A student computer for $35

India has developed a $35 computer for students which will be introduced at colleges and universities in 2011. The cost is expected to fall gradually to $10.

The Linux-based computer is equipped with an Internet browser, a PDF reader and several other facilities.

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  1. Periodically, someone comes along promising something for almost nothing. Every time if happens, people get all excited, but that’s before the “gotchas” become apparent. I don’t know what the shortcomings of this device are, but I will predict two things, based on previous devices that have been announced with such fanfare:

    1) It will never ship for a pice anywhere close to what they claim, even if it ships at all — which is unlikely.

    2) It will have shortcomings that will cause pretty much everybody here to lose interest in the real world.

    This is going to be another CrunchPad (aka JooJoo) or OLPC XO-1. And you KNOW you see tons of those around, right? 😉

  2. Given that they don’t yet have a manufacturer, I question whether the $35 number is at all meaningful.

  3. Unfortunately India seems prone to this sort of thing.

    Does anyone remember the Simputer? Then there was an announcement of a $50 computer in the wake of the announcement of the OLPC computer.

    Both big nothings and this announcement seems to be of a similar type.

    Oh well, someday for sure. Just not today.

  4. Mark Roulo says:

    Two years ago we had an announcement of a $100 computer from India.


    I don’t know if it ever shipped, so I’m kinda skeptical about *this* announcement. But …

    What is interesting is that one can actually purchase a $100 computer today, not including a monitor. This is one example: http://www.marvell.com/platforms/plug_computer/

    A $35 computer is actually plausible in a year or two, if you are willing to put up with SheevaPlug type compromises: price doesn’t include a monitor, you only get ½ GB of RAM and only ½ GB of FLASH drive storage, it doesn’t run MS-Windows.

    This isn’t actually an unreasonable base machine (except for the lack of hard drive, this is more powerful than most of the machines normal people were using in the late 1990s), but we need to realize that the $35 (or $100) computer isn’t going to be just a cheap version of what most people with computers have on their desktops today.

    -Mark Roulo

  5. Mark, you can certainly purchase a cheap computer, but is it a device that people actually WANT and will find useful? I don’t think so.

    You can currently buy an $80 laptop, so why do people still buy $1,200 laptops instead? Is it because they’re just eager to get rid of money? No, it’s because designing a tech device involves a series of tradeoffs. If you produce something that cheap, you’re using cheap components that are cheap for a reason. They generally provide a lousy experience. People want a good experience in a device they’re going to be using so much, so most people are willing to pay more for a better experience. Some people are willing to settle for a (lousy) $500 laptop. Others want a decent $1,200 laptop. Still others want fewer compromises and are willing to pay top dollar to get the best experience possible today.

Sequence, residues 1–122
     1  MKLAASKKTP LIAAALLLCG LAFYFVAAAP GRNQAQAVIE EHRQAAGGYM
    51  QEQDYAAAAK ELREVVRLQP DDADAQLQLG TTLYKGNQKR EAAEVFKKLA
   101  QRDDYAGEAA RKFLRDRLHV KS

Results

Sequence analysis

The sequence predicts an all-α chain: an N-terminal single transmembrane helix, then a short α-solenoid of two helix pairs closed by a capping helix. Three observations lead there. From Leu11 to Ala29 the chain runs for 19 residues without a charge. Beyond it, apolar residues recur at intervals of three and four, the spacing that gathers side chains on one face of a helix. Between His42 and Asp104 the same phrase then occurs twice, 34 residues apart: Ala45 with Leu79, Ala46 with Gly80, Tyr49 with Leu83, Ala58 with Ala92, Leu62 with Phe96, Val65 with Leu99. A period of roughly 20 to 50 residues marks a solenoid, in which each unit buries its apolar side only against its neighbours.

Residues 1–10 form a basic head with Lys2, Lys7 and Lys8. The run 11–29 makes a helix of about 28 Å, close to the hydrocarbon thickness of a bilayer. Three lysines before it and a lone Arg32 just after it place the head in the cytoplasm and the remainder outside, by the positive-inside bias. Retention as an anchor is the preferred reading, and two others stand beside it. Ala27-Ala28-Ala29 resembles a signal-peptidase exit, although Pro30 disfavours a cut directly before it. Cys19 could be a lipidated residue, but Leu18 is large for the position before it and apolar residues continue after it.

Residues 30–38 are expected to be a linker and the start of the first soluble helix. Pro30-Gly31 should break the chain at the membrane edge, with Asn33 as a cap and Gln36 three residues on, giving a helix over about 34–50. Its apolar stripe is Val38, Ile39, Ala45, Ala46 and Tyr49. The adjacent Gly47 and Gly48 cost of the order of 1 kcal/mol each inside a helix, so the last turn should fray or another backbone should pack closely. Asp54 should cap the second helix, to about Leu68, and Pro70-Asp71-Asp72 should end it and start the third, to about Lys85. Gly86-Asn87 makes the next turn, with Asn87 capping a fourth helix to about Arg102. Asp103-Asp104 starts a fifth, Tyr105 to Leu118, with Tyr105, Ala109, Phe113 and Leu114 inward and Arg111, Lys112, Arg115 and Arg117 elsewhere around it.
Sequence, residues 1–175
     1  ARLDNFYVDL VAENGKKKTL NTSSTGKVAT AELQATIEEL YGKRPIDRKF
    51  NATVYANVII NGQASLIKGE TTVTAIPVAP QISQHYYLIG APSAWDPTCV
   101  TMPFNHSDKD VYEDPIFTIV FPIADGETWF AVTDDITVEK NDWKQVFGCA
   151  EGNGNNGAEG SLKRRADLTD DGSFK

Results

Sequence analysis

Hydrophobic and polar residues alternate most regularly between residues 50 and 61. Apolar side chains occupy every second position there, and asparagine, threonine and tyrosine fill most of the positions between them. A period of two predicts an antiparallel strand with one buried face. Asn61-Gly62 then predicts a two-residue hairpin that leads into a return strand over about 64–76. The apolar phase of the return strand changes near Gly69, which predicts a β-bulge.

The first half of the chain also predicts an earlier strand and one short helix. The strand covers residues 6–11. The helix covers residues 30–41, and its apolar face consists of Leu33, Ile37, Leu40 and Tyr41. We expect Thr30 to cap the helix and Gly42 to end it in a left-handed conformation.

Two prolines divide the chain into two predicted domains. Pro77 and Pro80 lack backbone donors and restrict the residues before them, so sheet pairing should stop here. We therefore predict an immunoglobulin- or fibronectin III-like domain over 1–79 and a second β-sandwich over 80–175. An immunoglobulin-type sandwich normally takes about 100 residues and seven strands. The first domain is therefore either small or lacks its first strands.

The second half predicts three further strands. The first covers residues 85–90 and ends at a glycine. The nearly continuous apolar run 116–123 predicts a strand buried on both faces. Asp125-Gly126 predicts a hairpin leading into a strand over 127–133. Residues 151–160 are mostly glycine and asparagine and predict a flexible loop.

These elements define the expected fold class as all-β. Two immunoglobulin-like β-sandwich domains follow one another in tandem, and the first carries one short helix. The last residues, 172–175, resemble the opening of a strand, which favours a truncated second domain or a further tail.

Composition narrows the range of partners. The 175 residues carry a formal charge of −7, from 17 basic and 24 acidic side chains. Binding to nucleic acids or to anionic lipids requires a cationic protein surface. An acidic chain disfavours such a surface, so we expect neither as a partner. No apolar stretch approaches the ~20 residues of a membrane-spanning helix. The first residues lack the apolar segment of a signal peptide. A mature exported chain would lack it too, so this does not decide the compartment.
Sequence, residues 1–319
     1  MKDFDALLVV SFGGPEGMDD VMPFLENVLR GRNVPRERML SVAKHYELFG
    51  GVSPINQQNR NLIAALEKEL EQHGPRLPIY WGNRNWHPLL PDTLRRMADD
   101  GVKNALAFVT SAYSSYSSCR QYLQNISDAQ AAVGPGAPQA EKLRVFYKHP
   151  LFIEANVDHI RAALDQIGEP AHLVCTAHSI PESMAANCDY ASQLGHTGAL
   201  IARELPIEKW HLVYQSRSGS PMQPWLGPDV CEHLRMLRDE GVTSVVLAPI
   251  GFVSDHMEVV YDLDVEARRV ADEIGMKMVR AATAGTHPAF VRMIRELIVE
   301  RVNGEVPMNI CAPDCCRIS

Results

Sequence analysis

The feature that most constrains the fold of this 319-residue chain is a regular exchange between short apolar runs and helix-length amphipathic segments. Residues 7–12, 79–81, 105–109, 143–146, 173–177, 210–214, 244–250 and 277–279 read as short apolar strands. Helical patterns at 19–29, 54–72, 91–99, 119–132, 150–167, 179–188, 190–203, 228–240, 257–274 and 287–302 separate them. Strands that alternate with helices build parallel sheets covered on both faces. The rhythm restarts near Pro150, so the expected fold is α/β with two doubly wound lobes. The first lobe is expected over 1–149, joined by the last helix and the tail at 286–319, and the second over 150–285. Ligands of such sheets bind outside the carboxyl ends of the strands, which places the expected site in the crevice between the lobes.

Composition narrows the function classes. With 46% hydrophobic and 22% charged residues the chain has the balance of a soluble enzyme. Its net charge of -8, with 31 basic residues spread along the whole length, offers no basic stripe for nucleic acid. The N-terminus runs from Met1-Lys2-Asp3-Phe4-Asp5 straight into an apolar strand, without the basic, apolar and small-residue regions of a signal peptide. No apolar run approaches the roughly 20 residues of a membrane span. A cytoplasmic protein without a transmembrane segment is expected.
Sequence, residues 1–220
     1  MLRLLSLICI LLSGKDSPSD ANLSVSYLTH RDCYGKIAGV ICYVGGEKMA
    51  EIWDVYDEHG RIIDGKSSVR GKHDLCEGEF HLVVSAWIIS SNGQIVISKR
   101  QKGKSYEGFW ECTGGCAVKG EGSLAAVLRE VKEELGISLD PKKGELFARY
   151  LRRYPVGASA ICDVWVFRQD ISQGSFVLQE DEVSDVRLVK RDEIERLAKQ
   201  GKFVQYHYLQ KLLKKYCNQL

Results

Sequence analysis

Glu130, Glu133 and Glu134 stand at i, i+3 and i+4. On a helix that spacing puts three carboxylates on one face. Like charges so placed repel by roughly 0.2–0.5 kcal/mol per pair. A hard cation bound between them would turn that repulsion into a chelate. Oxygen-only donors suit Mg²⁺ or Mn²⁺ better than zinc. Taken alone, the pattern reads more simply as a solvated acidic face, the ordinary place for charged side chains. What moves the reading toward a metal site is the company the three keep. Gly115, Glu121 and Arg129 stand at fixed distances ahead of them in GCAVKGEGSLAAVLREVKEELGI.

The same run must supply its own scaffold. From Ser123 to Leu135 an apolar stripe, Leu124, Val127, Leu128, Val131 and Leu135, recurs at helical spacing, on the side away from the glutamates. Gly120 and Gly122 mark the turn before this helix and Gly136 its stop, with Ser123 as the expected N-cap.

So I don’t have any doubt that a computer CAN be built really cheaply. I just question whether the resulting product is anything that people want to buy. Might it find a market among people who are so poor they’ve never seen a computer and have nothing to compare it to? Maybe. But in this country, there’s almost nobody who doesn’t have a much different notion of what a computer is (and what it should do) than what you’ll be able to buy for the price of this piece of junk.

    I’ve certainly been wrong before, but the history of the tech industry is littered with examples of cheapo products being announced, but either never shipping or else shipping but never finding an audience. Check back in a year (or even five years). I can confidently predict that this device won’t be on the market for anything close to what the Indian government claims.

  6. Walter_E_Wallis says:

    Sounds like “Get a horse!”
    I recall when a $100 4-banger calculator was predicted.
    I expect an I-Pad/Kindle equivalent sub hundred in a couple of years.

  7. SuperSub says:

    Walter –
    There’s already around-100 IPad clones right now coming out of China. I got mine for under 100 due to a sale and a coupon. As expected, the hardware is a much lower quality but runs Google’s Android OS… which actually helps performance because its designed for cell phones.
    Am I going to be watching HD movies on it? No. But I can check my email, Facebook, browse the web. There’s an Office-like suite for it and I can stream Pandora.

    There was an article in one of the major tech magazines recently predicting the demise of the desktop computer amond average consumers… most people only use the computer for communication and other web-based applications. If you limit a computer to those functions, the hardware requirements are quite low.

    My guess is that with the lower labor and material costs, the goal of a sub-100 limited-use computer is realistic. There is also the possibility of a government subsidy for the manufacturer since this seems to be a significant government initiative.

  8. SuperSub says:

    Walter –
    Oh, and if you want a cheap Kindle, Amazon sells refurbs in the 120-130 price range.


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